A federal judge in Michigan on Wednesday denied a government request to dismiss a revised lawsuit against President TrumpDonald TrumpCapitol fencing starts coming down after 'Justice for J6' rally Netanyahu suggests Biden fell asleep in meeting with Israeli PM Aides try to keep Biden away from unscripted events or long interviews, book claims MORE's travel ban.
U.S. District Judge Victoria Roberts determined that the case the plaintiffs — four American Muslims and five organizations representing them — are making revolves around equal protection and freedom of speech and association and is separate from the Establishment Clause claim the Supreme Court considered last year when it upheld the ban.
Wednesday's decision follows a similar one in Maryland where U.S. District Judge Theodore Chuang ruled a lawsuit could proceed because of new information about how the administration has implemented the ban.
These two decisions both mean the fight over Trump's travel ban is not over.
Opponents of the ban argue it unfairly targets people from Muslim-majority countries, but Trump has insisted it is not a "Muslim ban."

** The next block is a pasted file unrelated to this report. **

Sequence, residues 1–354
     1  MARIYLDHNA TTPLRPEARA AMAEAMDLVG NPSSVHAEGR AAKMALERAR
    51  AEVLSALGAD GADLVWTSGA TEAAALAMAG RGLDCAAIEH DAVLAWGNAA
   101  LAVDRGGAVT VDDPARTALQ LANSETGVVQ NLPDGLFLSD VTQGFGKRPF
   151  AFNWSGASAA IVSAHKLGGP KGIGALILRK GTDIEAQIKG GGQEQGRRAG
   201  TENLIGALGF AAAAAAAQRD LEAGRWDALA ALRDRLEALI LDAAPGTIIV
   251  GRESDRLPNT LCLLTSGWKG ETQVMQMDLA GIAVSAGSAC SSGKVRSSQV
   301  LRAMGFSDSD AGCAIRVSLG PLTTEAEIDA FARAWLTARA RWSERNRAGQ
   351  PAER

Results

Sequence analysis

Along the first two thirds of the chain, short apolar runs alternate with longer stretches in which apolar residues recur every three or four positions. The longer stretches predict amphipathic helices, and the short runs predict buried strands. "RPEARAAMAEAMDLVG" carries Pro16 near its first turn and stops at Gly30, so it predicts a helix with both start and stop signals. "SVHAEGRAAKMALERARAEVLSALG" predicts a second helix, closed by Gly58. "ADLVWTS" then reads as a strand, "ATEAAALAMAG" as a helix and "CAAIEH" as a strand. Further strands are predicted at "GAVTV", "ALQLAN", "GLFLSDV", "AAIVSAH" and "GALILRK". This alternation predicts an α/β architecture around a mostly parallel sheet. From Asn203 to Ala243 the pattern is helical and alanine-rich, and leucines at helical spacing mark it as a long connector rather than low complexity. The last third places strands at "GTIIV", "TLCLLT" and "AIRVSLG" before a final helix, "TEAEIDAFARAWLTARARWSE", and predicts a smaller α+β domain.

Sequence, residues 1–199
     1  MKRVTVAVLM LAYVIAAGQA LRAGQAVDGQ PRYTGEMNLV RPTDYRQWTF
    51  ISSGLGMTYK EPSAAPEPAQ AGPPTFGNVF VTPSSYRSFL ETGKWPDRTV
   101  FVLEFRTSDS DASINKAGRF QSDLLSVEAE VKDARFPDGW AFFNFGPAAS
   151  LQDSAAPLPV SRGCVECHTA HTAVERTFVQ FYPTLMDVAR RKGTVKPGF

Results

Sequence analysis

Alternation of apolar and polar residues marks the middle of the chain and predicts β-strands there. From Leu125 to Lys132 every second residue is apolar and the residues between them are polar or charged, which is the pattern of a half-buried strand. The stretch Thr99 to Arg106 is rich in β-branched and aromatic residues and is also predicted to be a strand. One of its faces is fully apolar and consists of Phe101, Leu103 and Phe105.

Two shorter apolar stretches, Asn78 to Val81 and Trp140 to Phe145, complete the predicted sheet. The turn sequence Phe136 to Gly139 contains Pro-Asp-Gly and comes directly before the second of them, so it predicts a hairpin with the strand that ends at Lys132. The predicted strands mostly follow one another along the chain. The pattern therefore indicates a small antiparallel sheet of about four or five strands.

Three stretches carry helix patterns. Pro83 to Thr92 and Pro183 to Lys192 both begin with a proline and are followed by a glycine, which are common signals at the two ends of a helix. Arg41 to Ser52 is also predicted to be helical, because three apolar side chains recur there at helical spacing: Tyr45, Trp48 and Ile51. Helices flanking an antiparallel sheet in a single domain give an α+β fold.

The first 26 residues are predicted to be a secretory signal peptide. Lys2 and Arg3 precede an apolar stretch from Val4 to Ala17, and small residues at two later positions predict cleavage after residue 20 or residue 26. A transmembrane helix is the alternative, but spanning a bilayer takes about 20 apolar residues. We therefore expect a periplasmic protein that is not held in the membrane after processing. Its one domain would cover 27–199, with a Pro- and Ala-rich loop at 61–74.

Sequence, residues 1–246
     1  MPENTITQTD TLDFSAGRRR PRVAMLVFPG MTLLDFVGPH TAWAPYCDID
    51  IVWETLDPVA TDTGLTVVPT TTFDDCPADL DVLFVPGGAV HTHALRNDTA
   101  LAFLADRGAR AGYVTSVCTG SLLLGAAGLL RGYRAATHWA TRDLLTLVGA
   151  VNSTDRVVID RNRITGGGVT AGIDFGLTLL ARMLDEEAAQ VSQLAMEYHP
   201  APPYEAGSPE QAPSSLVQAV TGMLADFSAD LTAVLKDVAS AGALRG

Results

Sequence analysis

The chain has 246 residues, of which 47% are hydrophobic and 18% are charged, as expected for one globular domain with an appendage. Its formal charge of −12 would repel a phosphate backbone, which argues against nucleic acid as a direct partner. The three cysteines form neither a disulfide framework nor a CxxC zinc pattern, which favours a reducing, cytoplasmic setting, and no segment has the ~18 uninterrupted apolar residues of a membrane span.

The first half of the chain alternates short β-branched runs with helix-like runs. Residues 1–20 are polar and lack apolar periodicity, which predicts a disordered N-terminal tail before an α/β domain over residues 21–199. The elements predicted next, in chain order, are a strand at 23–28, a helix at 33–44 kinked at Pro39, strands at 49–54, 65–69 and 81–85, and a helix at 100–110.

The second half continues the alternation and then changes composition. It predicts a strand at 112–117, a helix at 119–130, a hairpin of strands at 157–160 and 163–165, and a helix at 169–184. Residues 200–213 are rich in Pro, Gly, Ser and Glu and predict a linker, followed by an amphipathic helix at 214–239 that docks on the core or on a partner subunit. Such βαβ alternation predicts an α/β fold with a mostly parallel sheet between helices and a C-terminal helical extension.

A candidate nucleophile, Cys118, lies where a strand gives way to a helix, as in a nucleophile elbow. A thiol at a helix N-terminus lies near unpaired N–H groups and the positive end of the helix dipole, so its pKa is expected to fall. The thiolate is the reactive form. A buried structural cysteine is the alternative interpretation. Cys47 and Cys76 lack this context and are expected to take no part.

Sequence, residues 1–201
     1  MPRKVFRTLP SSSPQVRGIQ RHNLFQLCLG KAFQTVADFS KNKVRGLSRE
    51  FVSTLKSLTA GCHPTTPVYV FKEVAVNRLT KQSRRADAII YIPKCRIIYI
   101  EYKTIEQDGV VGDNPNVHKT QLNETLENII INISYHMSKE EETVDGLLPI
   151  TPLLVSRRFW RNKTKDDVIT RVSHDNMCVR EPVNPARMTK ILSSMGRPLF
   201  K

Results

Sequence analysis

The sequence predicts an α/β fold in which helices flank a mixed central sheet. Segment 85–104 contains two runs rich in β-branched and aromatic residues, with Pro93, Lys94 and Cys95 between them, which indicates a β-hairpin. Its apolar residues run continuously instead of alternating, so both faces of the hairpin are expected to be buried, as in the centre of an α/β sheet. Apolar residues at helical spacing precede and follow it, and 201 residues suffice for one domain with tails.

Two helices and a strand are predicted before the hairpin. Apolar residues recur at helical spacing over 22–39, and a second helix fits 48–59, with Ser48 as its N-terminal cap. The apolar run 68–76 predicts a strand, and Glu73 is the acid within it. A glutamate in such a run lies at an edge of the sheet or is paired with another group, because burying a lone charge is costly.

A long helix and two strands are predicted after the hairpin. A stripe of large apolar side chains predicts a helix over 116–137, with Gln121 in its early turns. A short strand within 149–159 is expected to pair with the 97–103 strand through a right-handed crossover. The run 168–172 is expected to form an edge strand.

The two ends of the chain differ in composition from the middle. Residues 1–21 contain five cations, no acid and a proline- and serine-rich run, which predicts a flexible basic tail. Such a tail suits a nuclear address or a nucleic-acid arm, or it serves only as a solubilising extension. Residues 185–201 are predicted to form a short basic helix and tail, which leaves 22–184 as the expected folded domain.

Roberts, a Clinton appointee, noted that despite being "facially neutral," as the Supreme Court ruled, "its impact falls predominantly on Muslims."
She continued, writing that when the third version of the travel ban was introduced, following successful legal challenges to the first two versions, the administration said it "addresses the issues President Trump had been talking about for years, 'from the campaign trail to the White House.'"
"Notably, what President Trump made explicit while on the campaign trail was his desire and intention to ban Muslims from entering the United States – even if it meant framing the ban in terms of 'territories.'"
The White House did not immediately respond to a request for comment from The Hill on Roberts's decision.